Q: How does the MIC* (Bolus) Gastrostomy Feeding Tube work?
The MIC* (Bolus) Gastrostomy Feeding Tube is used to
provide a means of accessing the stomach to provide nourishment,
liquids and medication. It may also be used as a means to release
excess air or contents from the stomach.
The MIC* (Bolus) Gastrostomy Feeding Tube is made of
silicone and is kept in place by an internal balloon that keeps the
tube from falling out of the stomach and a SECUR-LOK*
external retention ring or bolster that keeps the tube
from migrating into the stomach.
Q: What is the procedure for replacing the gastrostomy feeding tube?
The specialist will decide when to replace the gastrostomy
feeding tube. You may change the gastrostomy feeding tube yourself
provided you have been properly trained and have been given
permission to do so. Note: Do not try and replace a jejunal or
transgastric-jejunal tube yourself, this should only be done by
Steps for replacing your gastrostomy tube:
Q: What if the balloon will not deflate?
If water cannot be extracted from the balloon with the syringe,
make sure the recess in the balloon valve is clean and that the
valve is not blocked by food. Clean inside the recess, then firmly
seat the syringe into the valve, push and twist a quarter turn. Try
pulling back on the plunger again. If the balloon will not deflate,
use the end of a large paper clip to depress the valve and release
the water. Make sure to have a replacement tube to insert into the
Q: What if the feeding administration set becomes disconnected?
If the feeding administration set becomes disconnected from the
MIC-KEY* extension set tubing, stop the pump and estimate the
amount of formula lost. Thoroughly wipe the tube connections with
soap and water or alcohol. Clean inside the MIC-KEY* extension set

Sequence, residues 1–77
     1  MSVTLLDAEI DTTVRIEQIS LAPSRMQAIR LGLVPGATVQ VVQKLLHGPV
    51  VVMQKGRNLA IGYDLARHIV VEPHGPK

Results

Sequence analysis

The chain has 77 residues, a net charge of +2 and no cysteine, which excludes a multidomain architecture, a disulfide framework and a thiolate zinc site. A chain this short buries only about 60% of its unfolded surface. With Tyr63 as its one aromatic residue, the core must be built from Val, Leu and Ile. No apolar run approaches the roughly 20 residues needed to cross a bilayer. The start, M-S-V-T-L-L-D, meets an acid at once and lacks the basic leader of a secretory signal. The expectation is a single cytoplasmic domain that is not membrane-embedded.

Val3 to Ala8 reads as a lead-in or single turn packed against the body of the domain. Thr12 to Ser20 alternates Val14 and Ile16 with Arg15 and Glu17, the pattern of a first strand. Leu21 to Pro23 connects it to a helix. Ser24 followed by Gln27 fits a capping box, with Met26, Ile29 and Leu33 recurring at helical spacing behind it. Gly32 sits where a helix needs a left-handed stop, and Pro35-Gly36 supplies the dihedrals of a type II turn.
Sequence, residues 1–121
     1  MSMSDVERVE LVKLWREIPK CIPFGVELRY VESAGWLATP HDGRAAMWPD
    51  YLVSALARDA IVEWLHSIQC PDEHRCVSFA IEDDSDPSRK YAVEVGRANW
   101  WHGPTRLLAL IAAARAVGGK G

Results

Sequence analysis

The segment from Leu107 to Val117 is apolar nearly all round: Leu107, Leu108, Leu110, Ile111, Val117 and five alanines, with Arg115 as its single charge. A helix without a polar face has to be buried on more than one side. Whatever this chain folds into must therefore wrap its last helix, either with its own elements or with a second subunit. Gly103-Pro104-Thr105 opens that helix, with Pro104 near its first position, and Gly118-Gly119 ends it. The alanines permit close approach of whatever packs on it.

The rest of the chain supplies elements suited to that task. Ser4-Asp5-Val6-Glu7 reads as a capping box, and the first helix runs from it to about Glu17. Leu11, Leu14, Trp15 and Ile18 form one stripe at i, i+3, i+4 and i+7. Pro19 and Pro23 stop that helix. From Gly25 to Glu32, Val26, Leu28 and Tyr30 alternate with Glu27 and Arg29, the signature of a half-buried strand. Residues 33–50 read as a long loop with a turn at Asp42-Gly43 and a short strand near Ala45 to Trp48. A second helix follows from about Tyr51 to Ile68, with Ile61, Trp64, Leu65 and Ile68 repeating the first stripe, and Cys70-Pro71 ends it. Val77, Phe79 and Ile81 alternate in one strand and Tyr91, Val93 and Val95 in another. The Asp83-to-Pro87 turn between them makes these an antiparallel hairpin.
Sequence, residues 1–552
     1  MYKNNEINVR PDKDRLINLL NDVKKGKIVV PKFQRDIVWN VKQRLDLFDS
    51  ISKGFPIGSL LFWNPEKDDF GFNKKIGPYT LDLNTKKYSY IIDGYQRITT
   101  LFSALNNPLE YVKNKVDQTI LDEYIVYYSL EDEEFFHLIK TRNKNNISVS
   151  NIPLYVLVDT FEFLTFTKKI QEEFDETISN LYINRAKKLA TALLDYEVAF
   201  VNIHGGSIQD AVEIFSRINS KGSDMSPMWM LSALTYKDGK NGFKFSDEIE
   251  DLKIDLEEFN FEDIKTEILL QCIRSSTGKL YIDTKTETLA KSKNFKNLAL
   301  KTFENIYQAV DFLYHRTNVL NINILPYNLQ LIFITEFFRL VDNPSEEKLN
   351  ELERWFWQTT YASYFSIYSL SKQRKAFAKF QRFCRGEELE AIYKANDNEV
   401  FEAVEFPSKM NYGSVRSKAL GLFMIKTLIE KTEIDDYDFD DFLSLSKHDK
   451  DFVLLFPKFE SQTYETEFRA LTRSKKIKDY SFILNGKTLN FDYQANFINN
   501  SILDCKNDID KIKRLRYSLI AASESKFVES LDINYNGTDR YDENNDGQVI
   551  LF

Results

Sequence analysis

feeding port with a cotton-tipped applicator and alcohol. Irrigate
the tube with warm water. Dry the connections and firmly reconnect
the tubes with a quarter turn. Resume feeding.
Q: How should the end user/patient be positioned during feeding?
Correct feeding position is essential to avoid aspiration of
stomach contents through the esophagus and potentially into the
lungs. The end user/patient should be placed in an upright position
or at least at a 30-degree angle during, and one hour after
Q: How is the MIC-KEY* extension set attached?
To attach the right angle MIC-KEY* extension set, align the
black line on the set with the black line on the feeding port.
Insert the "nose" of the Secur-Lok* connector into the MIC-KEY*
feeding port, then rotate it a quarter turn clockwise. Next, open
the MIC-KEY* extension set feeding port and attach the feeding bag
connector to the extension set by firmly pushing and twisting. The
MIC-KEY* extension set will swivel with movement, which allows the
user to change position during feeding.
Q: How should the MIC-KEY* extension set be maintained?
The MIC-KEY* extension set should be washed after every feeding
with warm, soapy water, then rinsed thoroughly and allowed to air
dry. Prompt flushing and rinsing prevent the formula from drying
Q: What types of skin and stoma problems can occur?
Be on the alert for the following signs and symptoms of stoma
If any of these conditions occurs, contact your clinician for
advice on how to treat the problem.
For use with MIC* Gastrostomy, Bolus Gastrostomy, PEG, Jejunal,
Gastro-Enteric and Transgastric-Jejunal Feeding Tubes, DEHP-Free
Formulation Stock #
Standard Formulation Stock #
Extension Tubing with Bolus and Stepped Connectors at Opposite
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Indications For Use
The Kimberly-Clark* MIC-KEY* Low-Profile & MIC* Feeding Tubes are indicated for use in patients who require enteral feeding, are unable to tolerate oral feeding, require gastric decompression and/or medication delivery directly into either the stomach, distal to the stomach, distal duodenum or proximal jejunum (tube types vary from G, J, TJ/ GJ & GE depending on what your medical professional has prescribed/placed).
Contraindications for placement of a feeding tube include, but are not limited to ascites, colonic interposition, portal hypertension, peritonitis and morbid obesity.
If you have any questions about your tube, consult your medical professional or call Kimberly-Clark Customer Care call 1-800-KCHELPS (1-800-524-3577) in the United States or visit us online at:
Patient support website: www.Mic-Key.com
Medical Professional website: www.KCDigestiveHealth.com
Get all the information you need in the MIC-KEY* Care &
Usage Guide as well as MIC* and MIC-KEY* brochures.